// depending the expense of creating the object.
      int foobar_id = Foobar.create(...);

      // Look up given the ID, all functions are *always* valid. Foobar foobar = Foobar.find(foobar_id); String phone_number = foobar.getPhoneNumber();

      Oh well.

      Flaggz will be wrapping all of their API inside a sane one as we wouldn't want to taint the rest of our code with this API. Unfortunately, we will have to keep the phone number information around in our own database since we can only get it once. What a great design decision on their part.

      Hiring People

      Our company is trying to expand from 2 people to like 5 or so. I thought this would be fairly straight forward. Apparently, it's more difficult than that. I'm now convinced that people we want to hire are not only good at what they do, but also intelligent enough to have already landed them in a situation they find acceptable. So, the few friends we wanted to come work for us don't want to leave their jobs. Of course, there is a lot of risk involved in working for a company this small, which I think has a lot to do with it.

      If they wanted to leave their current job, they would have done so already. There seems to be a significant barrier to leaving someplace that isn't that horrible. If nothing else, this has proved interesting. Perhaps the good people end up with jobs they like; that's kind of a nice thought anyway.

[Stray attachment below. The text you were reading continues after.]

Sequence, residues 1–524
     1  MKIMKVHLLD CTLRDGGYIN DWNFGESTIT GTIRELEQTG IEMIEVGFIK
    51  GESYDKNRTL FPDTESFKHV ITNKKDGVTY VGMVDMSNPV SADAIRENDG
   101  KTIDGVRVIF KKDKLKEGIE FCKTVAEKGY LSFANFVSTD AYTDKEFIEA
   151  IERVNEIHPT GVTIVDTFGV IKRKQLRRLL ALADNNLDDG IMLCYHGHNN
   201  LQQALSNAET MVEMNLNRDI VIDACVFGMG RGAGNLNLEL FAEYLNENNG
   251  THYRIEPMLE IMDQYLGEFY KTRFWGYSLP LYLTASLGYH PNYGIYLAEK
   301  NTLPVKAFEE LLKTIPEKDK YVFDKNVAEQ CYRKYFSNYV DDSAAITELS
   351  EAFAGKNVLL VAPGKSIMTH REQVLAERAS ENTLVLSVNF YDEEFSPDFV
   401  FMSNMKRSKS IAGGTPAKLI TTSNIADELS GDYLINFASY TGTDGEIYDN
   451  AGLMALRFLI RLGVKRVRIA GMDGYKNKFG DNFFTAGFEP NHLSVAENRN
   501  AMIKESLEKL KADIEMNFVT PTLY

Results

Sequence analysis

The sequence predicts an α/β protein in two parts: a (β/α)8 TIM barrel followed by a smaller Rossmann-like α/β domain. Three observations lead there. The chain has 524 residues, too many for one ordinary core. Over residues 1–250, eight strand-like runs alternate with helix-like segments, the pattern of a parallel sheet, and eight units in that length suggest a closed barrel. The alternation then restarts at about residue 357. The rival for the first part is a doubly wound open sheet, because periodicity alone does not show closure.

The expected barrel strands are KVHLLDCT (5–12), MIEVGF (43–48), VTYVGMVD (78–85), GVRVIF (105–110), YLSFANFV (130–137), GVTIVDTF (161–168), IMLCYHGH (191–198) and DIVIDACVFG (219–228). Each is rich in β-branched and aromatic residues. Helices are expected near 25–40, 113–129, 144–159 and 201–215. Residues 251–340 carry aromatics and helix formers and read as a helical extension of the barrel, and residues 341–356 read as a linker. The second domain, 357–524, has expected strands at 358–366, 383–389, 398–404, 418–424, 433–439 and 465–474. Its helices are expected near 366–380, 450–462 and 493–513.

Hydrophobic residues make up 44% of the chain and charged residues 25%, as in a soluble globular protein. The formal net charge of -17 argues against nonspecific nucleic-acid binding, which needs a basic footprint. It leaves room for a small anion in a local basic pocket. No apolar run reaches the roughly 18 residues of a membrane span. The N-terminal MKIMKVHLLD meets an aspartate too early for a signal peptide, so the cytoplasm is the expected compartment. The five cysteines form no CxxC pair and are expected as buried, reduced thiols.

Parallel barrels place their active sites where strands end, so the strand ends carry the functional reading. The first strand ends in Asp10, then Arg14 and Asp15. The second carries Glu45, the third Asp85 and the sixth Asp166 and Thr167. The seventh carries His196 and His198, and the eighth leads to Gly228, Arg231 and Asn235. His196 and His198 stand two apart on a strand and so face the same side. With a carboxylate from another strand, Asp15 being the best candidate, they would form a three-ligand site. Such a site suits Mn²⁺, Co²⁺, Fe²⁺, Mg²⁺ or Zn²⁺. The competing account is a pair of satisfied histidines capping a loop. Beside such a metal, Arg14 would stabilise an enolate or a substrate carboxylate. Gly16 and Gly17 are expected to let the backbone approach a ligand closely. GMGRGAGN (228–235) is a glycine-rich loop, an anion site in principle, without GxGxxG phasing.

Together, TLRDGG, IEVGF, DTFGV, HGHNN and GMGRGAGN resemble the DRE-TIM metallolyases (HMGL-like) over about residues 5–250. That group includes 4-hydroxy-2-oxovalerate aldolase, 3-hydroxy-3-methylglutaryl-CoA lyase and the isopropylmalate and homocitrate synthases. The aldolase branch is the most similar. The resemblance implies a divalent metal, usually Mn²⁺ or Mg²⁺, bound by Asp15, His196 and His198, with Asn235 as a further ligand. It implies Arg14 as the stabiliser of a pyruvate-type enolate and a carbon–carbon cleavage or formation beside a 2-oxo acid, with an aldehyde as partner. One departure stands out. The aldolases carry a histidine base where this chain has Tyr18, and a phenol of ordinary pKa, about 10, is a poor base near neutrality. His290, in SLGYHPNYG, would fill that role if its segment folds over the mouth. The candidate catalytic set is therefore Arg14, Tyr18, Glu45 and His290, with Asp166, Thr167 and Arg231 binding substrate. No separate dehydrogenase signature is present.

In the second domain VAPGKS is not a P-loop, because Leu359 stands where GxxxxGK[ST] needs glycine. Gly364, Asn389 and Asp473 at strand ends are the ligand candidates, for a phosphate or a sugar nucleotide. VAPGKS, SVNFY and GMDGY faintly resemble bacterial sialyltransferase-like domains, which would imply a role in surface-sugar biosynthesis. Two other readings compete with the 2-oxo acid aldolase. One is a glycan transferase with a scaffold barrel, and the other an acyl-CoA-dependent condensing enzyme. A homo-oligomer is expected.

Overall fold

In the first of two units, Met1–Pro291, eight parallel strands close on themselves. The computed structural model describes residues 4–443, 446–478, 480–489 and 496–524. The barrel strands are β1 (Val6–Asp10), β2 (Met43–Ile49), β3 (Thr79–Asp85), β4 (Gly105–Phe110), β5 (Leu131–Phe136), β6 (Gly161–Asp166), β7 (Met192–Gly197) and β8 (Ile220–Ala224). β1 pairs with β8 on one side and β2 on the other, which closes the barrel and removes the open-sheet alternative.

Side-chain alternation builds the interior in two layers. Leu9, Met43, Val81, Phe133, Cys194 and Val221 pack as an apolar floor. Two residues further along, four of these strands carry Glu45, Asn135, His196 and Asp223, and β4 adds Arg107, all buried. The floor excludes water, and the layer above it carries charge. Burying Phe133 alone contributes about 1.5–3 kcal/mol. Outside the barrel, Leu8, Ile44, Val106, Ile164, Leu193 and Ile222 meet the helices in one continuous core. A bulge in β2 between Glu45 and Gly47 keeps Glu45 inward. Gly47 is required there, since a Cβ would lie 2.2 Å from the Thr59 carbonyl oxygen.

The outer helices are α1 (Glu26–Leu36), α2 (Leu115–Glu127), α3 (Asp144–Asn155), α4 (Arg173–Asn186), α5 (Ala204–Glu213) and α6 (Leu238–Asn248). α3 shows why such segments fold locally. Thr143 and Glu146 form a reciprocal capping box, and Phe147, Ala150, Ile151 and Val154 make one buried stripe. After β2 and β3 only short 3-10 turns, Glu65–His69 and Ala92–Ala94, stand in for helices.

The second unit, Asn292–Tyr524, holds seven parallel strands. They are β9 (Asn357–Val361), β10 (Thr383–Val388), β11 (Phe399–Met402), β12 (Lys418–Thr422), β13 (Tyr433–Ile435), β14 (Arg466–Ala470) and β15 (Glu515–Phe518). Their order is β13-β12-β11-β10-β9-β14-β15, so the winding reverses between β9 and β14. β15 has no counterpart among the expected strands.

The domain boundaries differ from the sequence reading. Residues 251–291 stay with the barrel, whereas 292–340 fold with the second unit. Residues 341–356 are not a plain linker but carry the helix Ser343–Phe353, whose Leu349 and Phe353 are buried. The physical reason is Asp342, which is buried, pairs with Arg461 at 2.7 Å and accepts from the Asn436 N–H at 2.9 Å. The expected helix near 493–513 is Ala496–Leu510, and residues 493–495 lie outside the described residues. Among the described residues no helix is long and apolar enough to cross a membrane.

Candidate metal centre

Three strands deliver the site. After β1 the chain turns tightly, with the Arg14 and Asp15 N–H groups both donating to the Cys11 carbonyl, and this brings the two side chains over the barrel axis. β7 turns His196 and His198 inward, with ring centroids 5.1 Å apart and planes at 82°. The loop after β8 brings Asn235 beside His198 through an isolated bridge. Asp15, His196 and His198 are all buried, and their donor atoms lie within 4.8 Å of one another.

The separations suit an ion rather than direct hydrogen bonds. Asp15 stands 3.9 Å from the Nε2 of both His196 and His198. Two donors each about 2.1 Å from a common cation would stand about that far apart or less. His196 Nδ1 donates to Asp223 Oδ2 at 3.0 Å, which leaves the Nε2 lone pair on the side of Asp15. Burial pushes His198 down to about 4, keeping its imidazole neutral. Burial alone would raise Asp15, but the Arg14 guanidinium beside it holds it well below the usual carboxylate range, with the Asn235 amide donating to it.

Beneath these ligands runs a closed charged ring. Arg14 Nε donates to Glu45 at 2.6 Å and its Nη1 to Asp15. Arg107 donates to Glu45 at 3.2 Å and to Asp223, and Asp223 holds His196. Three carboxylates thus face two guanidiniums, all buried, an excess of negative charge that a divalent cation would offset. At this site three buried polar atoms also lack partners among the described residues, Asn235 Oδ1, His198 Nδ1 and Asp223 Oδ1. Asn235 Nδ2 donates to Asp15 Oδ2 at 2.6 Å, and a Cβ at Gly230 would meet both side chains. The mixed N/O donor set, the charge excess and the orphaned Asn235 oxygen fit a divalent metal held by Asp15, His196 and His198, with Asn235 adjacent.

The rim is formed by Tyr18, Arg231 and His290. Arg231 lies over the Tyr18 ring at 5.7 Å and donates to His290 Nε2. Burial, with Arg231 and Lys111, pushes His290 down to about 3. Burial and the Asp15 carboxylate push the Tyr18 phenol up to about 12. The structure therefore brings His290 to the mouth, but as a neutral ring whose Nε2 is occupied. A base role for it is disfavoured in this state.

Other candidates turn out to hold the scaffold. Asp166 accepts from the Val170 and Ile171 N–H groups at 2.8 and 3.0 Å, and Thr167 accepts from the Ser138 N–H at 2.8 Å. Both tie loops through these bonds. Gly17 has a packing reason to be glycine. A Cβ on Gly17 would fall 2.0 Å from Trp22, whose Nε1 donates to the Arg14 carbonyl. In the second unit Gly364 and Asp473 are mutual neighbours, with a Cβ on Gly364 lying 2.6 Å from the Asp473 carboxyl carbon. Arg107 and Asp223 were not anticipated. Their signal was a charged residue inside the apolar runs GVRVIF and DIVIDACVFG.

The main disappointment here is that we really want to hire on people we know, so that when we grow more that we have a solid base of people that we can trust and that we know can help us lead and manage the company in the correct manner. Instead, we might end up just hiring people we don't know to do Java coding and fill in our management later on.


      Ok, I've finally watched Das Boot. This movie is 3.5 hours long. That's long enough to require you to flip of the DVD part way through. It is an very good movie. Watched Wallace and Gromit as well... kick ass. Next in the queue to watch are Grey Owl and Summer of Sam, which are sitting on my speaker at home.

      I watched the new Jet Li movie in the theater, Romeo Must Die. It's not all that great. flaggz hated it. Jet Li is pretty cool, but this movie's fight scenes were unrealistic and the script could have been better.